Lockdown weary Melbourne might be conducting property business at arms’ length thanks to the pandemic, but that hasn’t slowed the number of developers circling the southern city in search of opportunity.
The permit pulse in the southern city still beats strong, with lockdowns and a cautious economic outlook doing nothing to discourage developers looking for a way to capitalise on a market that has very real evidence of being two-speed.
Apartment supply data is showing continued signs of slowing. A number of approved projects are experiencing delays brought on by weakened pre-sale demand, rising land and building costs, and stricter funding conditions.
The Melbourne market has been battling a range of factors impacting the sector, including forced border closures, the ongoing cladding crisis, a global shortage of construction materials, tightening planning requirements and widespread issues with building defects.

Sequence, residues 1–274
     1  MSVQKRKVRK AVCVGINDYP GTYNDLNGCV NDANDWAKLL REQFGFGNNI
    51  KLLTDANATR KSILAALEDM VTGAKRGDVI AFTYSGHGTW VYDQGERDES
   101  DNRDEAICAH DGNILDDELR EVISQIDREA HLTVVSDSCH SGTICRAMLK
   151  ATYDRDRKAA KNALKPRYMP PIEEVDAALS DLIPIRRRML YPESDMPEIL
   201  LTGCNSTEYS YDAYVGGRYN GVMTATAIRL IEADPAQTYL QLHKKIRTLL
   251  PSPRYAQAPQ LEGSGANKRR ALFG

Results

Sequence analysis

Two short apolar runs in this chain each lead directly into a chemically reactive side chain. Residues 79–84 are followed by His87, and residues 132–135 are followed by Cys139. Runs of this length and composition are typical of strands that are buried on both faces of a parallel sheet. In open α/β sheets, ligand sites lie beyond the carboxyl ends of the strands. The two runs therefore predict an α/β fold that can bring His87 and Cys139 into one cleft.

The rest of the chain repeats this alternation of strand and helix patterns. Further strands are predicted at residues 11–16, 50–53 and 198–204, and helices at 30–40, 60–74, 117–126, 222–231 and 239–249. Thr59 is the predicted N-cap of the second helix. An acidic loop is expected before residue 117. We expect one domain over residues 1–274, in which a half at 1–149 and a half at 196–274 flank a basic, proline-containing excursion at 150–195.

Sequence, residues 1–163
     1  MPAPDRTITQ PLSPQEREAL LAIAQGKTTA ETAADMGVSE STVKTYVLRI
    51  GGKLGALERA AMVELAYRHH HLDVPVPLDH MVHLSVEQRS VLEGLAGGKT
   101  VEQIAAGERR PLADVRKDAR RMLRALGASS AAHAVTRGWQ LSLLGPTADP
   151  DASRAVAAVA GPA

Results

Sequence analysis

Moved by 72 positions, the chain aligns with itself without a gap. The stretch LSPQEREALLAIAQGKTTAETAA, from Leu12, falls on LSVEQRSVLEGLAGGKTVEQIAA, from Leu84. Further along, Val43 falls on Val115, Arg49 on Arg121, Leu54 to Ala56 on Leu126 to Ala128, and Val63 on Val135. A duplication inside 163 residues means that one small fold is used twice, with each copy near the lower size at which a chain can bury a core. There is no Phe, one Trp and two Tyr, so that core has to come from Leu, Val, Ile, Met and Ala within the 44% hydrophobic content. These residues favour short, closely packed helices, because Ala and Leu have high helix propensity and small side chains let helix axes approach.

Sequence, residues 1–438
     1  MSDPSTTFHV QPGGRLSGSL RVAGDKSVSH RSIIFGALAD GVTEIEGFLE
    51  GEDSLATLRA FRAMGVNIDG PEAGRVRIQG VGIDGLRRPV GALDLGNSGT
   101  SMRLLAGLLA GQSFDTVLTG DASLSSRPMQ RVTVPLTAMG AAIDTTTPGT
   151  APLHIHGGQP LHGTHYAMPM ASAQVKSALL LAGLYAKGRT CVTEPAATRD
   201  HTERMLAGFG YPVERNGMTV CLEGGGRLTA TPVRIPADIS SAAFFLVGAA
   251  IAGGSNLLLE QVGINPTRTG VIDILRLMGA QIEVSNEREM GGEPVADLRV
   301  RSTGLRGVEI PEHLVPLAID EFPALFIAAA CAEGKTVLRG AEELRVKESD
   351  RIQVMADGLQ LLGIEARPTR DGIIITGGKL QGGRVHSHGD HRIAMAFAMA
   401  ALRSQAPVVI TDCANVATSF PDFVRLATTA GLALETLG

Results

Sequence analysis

Indeed, a property market analyst told The Urban Developer off the record that a number of high-profile residential developments that had been marketed strongly overseas had been heavily discounted.
“Some projects have been severely impacted by the border closures and won’t ever fully recover. Having said that, when borders reopen, demand will come back strongly,” he says.
Another property market analyst admits it’s a “very strange two-tiered market”.
“While the high-density CBD market is very soft, by contrast, across the market there’s more movement in the outer Melbourne housing market. But there is still a lot of stock in the residential market,” they said.
While inner city retail is struggling, industrial precincts on the outskirts of the city are showing promise, such as 26 premium industrial land allotments selling in Melton.
Government support has also been wound back. According to JLL, lockdowns threaten to deflate sentiment and stifle the near-term recovery in the apartment market.